Good question. It does seem to be pretty powerful as targets go. Having had a quick look, T: Sight seems to have been replaced by a R: Sight, T: Group combination. There is even one spell there (Vision of Heat's Light, ArM4, page 136) that now uses T: Vision, i.e. it alters the target's sense of vision. To my mind, this describes the spell intent far better than the 4th edition version.
No skunks in Mythic Europe (New World only). The closest would be a polecat, also called a foulmart due to its stench. I've smelt both -- while my pet ferrets (both male) can be stinky at times, they in no way compare to a skunk at full volume...
The ArM5 magical senses target of Vision is not the same thing as the ArM4 target of Sight.
ArM5: Vision: The information comes through the sense of sight. (Based on: Intellego spells can grant magical senses to a person.)
ArM4: Sight: The spell affects everything within sight of the caster. (This still isn't quite what I personally wanted when I was thinking about this, which was a "target" that affected those who happened to see the caster, maybe I just need a new target.)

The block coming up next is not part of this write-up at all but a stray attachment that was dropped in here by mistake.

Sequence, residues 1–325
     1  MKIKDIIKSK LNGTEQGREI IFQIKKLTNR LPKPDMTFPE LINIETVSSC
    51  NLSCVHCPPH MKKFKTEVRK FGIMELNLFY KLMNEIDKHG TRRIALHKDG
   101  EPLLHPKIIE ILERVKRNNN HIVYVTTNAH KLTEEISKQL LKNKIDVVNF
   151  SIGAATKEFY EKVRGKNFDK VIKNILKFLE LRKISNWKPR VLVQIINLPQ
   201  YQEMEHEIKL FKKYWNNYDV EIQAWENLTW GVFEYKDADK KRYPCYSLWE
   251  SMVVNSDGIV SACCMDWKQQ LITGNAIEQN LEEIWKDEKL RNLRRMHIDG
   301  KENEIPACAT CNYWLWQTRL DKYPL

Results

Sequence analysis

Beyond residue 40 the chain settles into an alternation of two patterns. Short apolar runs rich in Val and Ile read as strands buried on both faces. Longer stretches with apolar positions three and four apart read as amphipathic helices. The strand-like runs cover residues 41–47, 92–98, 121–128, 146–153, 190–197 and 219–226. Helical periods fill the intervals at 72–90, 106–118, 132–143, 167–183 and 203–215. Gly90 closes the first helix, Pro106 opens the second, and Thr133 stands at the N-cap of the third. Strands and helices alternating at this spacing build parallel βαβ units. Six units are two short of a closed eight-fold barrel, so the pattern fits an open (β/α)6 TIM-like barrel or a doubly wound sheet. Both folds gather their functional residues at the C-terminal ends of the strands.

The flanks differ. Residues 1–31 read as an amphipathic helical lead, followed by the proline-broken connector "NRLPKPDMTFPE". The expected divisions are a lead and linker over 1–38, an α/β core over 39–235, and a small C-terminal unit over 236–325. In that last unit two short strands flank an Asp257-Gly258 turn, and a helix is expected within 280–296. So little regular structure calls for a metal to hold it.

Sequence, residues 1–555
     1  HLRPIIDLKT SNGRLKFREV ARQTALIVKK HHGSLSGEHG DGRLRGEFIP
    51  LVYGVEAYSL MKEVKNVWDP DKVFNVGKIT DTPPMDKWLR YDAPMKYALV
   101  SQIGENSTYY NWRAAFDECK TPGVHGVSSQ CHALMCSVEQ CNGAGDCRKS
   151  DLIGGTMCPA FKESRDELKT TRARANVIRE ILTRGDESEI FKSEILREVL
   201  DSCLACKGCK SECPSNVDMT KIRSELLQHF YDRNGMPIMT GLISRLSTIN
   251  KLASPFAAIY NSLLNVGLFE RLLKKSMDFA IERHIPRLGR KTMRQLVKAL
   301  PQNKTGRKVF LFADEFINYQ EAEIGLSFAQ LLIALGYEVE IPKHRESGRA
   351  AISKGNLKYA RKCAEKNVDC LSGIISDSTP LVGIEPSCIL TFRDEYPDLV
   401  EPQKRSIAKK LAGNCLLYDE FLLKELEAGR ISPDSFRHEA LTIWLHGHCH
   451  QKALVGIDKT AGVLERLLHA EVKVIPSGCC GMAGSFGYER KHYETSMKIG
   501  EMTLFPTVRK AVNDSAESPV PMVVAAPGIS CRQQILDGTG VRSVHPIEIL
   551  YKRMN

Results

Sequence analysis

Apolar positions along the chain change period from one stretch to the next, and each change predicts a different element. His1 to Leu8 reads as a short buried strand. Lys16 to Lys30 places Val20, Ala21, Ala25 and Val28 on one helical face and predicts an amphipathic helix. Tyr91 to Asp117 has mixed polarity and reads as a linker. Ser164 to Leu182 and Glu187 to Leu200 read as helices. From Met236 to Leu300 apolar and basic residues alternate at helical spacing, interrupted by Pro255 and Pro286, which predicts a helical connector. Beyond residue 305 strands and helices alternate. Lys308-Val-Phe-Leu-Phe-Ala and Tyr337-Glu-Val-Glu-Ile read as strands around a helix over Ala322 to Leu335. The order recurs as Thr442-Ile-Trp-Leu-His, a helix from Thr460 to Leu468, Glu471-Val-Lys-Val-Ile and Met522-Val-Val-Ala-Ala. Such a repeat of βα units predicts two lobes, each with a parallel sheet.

Okay, first, to be clear to anyone new reading this, the 4th ed Target:Sight had nothing in common with the current 5th ed Target:Vision. 5th ed T:Vision affects a sense, while 4th ed T:Sight affected everything the caster could see. Huge diff. Huge.
Now, getting back to the OP...
To answer the OP... for a mage to be able to fly up and nuke everything within sight - say a 30 mile/50 km radius, almost 3000 sq miles or 8000 sq. kilometers (and MUCH more on a good day) - yeah, that's could be seen as pretty overpowered by some.
All the RDT's got reworked in 5th, plus new considerations for "volume/numbers created" (which was not addressed in 4th), wards, Target:Sense, and other quirks to make all the spells "make sense" under one single umbrella system. Gone also are Target:Small, and many of the "special" RDT's that plagued 4th - and gone (or largely changed) are a few spells that simply did not make sense w/ the new system (or perhaps even in the old, ahem).